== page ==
In Hawks of Outremer, the story "The Slave Princess" is the sole posthumous collaboration by Tierney with Howard; Howard wrote the first six chapters of the story, with Tierney supplying the last two.

Other collaborations: 'Posthumous Collaborations' with Poe and Smith; others

Apart from the 'posthumous collaborations' with Robert E. Howard listed above, Tierney has also posthumously collaborated with Clark Ashton Smith ("Utressor" in Robert M. Price, ed. The Book of Eibon (Chaosium, 2002)) and with Edgar Allan Poe ("The Light-House" in Nyctalops 14 (March 1978) and reprinted in Etchings & Odysseys 2 (May 1983)).

Philip Rahman's brother, Glenn Rahman, urged Tierney to collaborate with him on The Gardens of Lucullus which eventually appeared in 2001.

Tierney has also collaborated on short fiction with authors including Laurence J. Cornford and Robert M. Price (see Simon of Gitta series below).

He has collaborated on poetry with Dale C. Donaldson, Charles Lovecraft, and Leigh Blackmore.

Later career: 1980s to 21st century

In 1981, Tierney returned to Mason City to take care of his mother, Margaret, now deceased. [8] That year, Arkham House published his volume of weird verse, Collected Poems (Richard L. Tierney) including the poems from the 1975 verse collection Dreams and Damnations, along with much other weird verse of the period, from magazines such as The Diversifier, Literary Magazine of Fantasy and Terror, Ambrosia, Dark Messenger Reader, Myrrdin, Fantasy Crossroads and others. Critic S. T. Joshi has said Collected Poems "established Tierney as one of the leading weird poets of his generation." Joshi has commented that some of the poems feature the misanthropic bitterness of Ambrose Bierce. Literary historian Don Herron has stated that the collection presents Tierney as "one of the most technically accomplished sonneteers of his generation, able to bring rhyming forms to bear on his own concerns, such as the especially nihilistic concluding poem "To the Hydrogen Bomb". [9] Tierney found this period of living rent-free with his mother highly productive for his writing, and it was during this time he wrote his novels The House of the Toad, Drums of Chaos and many of the Simon of Gitta stories.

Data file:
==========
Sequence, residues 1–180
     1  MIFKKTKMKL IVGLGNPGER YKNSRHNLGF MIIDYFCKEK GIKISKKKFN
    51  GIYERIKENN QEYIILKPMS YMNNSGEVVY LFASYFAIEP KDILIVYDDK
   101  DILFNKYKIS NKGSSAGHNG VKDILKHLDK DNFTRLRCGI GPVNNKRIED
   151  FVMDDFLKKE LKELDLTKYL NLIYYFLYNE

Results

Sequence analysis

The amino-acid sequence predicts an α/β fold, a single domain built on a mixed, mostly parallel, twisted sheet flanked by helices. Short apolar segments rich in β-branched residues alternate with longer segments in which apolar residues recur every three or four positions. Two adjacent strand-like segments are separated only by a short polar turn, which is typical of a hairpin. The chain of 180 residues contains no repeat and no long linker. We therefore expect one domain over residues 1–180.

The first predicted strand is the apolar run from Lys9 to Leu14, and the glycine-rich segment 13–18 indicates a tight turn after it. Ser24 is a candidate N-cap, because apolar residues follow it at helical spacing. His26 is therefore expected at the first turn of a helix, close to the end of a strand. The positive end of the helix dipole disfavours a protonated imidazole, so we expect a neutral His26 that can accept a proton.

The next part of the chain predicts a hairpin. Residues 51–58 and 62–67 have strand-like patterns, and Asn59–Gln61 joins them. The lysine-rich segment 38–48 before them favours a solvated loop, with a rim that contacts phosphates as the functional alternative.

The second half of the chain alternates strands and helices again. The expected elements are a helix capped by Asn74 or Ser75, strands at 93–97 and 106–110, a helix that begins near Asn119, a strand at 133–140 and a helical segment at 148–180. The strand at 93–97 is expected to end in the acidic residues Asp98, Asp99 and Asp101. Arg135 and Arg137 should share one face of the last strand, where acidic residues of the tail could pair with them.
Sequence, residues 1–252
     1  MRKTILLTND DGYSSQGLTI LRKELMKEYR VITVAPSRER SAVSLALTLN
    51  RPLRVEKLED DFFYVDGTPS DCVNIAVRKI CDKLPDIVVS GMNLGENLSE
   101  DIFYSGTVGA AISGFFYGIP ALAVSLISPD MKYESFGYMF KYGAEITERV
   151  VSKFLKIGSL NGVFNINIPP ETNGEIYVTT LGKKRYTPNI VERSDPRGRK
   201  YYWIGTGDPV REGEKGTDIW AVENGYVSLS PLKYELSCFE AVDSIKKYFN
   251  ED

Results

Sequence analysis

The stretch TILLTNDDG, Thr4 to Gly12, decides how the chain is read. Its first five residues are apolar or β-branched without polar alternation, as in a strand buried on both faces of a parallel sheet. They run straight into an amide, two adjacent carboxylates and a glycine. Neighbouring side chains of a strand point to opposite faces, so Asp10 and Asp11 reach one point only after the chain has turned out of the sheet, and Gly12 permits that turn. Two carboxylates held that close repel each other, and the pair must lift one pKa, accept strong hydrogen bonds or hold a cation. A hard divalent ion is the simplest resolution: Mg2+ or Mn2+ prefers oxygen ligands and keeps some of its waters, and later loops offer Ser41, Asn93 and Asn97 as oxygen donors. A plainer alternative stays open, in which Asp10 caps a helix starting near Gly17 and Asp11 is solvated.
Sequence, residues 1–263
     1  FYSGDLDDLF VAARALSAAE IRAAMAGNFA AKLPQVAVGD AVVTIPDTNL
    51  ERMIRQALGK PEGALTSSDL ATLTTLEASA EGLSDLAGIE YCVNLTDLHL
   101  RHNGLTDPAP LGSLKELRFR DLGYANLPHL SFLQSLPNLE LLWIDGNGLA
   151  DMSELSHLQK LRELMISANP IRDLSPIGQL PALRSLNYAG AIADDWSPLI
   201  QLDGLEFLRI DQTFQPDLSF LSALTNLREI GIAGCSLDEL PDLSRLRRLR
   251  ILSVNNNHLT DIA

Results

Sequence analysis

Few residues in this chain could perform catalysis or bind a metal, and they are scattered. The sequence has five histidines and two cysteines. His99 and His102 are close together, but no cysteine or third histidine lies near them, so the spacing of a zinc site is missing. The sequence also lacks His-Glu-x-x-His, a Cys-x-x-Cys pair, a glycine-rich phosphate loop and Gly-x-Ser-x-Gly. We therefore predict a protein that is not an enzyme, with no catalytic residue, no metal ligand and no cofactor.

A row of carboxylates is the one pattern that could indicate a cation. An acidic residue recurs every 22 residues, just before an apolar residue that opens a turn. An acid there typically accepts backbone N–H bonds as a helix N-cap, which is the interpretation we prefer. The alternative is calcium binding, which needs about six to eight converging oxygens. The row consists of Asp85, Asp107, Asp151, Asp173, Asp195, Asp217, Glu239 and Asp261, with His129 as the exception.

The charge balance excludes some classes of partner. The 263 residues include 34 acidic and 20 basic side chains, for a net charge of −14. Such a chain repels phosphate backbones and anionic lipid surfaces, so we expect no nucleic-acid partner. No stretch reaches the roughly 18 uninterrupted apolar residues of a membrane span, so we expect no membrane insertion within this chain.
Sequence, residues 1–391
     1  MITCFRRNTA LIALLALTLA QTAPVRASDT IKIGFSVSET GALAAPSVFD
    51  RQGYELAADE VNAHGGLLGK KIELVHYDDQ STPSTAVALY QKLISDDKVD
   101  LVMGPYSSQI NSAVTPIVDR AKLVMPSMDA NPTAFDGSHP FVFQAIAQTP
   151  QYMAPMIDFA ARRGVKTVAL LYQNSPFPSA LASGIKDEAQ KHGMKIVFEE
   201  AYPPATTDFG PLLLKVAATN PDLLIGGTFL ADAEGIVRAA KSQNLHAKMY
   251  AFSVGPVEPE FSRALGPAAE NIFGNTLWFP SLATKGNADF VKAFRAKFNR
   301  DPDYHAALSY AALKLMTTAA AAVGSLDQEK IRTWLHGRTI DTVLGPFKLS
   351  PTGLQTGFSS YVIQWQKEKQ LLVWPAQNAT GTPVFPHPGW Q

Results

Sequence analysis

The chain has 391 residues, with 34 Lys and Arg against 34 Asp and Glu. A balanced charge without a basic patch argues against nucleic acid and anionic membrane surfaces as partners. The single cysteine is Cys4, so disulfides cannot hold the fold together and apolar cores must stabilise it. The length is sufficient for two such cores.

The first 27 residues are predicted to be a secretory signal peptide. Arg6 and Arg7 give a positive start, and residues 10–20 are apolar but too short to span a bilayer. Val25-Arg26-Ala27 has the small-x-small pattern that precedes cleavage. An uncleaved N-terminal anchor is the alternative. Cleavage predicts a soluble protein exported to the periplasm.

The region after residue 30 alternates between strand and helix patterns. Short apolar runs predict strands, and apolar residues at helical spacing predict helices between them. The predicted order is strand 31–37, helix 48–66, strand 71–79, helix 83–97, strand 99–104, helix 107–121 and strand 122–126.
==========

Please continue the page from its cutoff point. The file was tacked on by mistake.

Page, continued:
Red Sonja series

For Zebra Books, in 1978, Tierney had collaborated with David C. Smith on the novel For the Witch of the Mists: Bran Mak Morn, a work utilising the Robert E. Howard character of Morn, a Pictish king. This novel was reprinted by Ace Books in 1981.

A few years later, also for Ace Books, with his frequent collaborator David C. Smith, Tierney co-authored a series of seven novels loosely based on another Robert E. Howard character. Red Sonya of Rogatino featured in Robert E. Howard's short story "The Shadow of the Vulture" (The Magic Carpet, January 1934), which Roy Thomas rewrote as a Conan story for Marvel Comics Conan the Barbarian #23 (1973), changing the spelling of the heroine's name to Red Sonja. Thomas also somewhat based Red Sonja on another Howard character, Dark Agnes de Chastillon, a swordswoman of 16th-century France who wars against the Turks in Eastern Europe. For the Red Sonja series, Tierney and Smith were paid $1,000 per book and set the stories in the Hyborian Age, 15,000 years ago. [10] Ace Books published the series from 1981 to 1983.